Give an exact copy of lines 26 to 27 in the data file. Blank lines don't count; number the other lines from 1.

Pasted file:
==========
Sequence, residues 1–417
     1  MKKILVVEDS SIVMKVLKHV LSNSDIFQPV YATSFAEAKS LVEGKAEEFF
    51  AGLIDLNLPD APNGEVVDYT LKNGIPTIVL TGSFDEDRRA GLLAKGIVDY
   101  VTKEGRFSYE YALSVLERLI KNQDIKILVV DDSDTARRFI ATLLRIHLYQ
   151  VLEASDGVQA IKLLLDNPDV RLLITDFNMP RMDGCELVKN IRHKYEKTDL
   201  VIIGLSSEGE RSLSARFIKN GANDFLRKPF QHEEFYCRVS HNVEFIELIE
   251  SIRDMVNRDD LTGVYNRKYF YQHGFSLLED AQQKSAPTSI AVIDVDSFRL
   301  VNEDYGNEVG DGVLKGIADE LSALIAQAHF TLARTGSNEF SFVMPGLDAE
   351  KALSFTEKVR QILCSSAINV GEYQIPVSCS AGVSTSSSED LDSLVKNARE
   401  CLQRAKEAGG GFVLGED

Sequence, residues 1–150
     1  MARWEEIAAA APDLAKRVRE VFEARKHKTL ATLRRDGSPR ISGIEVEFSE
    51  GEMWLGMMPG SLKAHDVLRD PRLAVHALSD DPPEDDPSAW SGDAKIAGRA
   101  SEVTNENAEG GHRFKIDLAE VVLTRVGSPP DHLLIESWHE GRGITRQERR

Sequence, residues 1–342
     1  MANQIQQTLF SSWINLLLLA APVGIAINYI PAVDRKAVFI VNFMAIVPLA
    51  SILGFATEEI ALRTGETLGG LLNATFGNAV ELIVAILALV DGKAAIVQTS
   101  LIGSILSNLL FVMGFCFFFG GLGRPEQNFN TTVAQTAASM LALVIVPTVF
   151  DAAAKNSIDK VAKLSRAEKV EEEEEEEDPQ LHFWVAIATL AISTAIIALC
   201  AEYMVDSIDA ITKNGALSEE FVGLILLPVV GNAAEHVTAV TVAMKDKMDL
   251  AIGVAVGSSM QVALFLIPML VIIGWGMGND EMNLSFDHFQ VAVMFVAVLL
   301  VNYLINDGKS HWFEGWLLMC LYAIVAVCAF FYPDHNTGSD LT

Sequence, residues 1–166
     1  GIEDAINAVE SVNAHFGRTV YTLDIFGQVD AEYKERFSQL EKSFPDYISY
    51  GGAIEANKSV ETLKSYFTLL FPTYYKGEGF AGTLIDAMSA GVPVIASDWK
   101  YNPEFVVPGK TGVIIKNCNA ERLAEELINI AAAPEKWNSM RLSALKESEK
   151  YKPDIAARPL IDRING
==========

   101  YNPEFVVPGK TGVIIKNCNA ERLAEELINI AAAPEKWNSM RLSALKESEK
   151  YKPDIAARPL IDRING